Trump Doorman’s Receipt of $30,000 Prompts Complaints to U.S.
(Bloomberg) -- The public-interest group Common Cause asked U.S. authorities to investigate reports that a former doorman at a building developed by the Trump Organization was paid $30,000 in 2015 to stay silent about a potentially damaging rumor regarding Donald Trump’s personal life.
American Media Inc., owner of the National Enquirer, paid ex-doorman Dino Sajudin for rights to the story and never published it, the Associated Press and the New Yorker reported on Thursday. AMI Chief Executive Officer David Pecker, a Trump friend, ordered Enquirer reporters to stop investigating the story, the news service and magazine reported.
Common Cause filed complaints Thursday with the U.S. Justice Department and Federal Election Commission against Trump, his presidential campaign and AMI, claiming the Sajudin payment was an improper contribution to Trump’s presidential campaign.
The group has filed similar complaints with the Securities and Exchange Commission and the Justice Department regarding non-disclosure payments to two women who said they had affairs with Trump: the adult-film actress Stormy Daniels, who was paid $130,000 by Trump lawyer Michael Cohen; and former Playboy model Karen McDougal, who was paid $150,000 by AMI for exclusive rights to her story, which was never published.
Sajudin had told the Enquirer about a rumor he heard that Trump may have fathered a child in the 1980s with an employee at Trump World Tower, a New York building his company developed near the United Nations, the AP reported. Sajudin signed a contract with AMI that subjected him to a $1 million penalty if he disclosed the payment or terms of the deal to anyone, according to the AP.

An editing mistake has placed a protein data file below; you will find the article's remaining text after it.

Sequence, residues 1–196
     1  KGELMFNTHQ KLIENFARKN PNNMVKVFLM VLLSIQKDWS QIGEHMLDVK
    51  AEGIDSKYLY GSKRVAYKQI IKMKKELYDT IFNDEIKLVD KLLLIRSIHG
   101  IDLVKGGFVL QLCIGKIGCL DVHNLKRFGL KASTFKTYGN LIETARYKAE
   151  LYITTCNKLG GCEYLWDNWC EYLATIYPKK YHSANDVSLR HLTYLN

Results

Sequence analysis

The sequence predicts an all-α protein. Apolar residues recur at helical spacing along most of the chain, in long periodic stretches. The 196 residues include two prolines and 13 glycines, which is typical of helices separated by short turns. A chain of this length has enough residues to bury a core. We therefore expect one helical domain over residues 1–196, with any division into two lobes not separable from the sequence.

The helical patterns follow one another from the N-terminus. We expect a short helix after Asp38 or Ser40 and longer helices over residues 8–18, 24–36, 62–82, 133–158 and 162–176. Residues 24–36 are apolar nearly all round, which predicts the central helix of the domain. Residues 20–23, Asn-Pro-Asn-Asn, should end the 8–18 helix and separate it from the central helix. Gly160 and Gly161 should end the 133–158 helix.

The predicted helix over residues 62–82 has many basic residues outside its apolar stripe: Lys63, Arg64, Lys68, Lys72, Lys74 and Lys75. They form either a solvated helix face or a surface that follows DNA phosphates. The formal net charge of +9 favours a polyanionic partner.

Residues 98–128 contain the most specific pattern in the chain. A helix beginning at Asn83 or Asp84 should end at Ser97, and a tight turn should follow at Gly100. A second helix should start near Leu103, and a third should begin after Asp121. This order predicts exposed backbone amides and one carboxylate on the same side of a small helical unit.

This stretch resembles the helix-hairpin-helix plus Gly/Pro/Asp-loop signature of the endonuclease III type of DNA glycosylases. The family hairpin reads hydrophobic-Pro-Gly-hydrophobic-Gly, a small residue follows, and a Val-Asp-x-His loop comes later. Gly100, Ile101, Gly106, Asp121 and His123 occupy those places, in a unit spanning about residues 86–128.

Cohen, the longtime Trump attorney, told the AP that he discussed Sajudin’s story with the tabloid when its reporters were working on it in late 2015. Cohen told the AP that he didn’t know about the payment to the ex-doorman at the time.
On April 9, FBI agents seized documents from Cohen’s home, office and hotel room. Prosecutors are investigating whether Cohen violated bank fraud or campaign finance laws relating to the payments to McDougal and Daniels, the AP said. Cohen’s attorney called the raids “unnecessary and inappropriate.”
Among the evidence that agents sought were communications between Cohen, Pecker and the Enquirer’s top editor, the New York Times reported.
AMI said in its statement that it “categorically denies that Donald Trump or Michael Cohen had anything to do with its decision not to pursue a story about a ‘love child’ that it determined was not credible. The suggestion that David Pecker has ever used company funds to ‘shut down’ this or any investigation is not true.”
Dylan Howard, chief content officer of AMI, said in the statement: “Paying for information has long been a practice of the National Enquirer, and to suggest that it has only paid for, and not run, stories about any particular person is absurd. Fortunately, the First Amendment does not play politics. The fact that no other news organization has subsequently been able to validate the story after AMI released the subject from his exclusivity clause confirms the basis for our editorial decision.”
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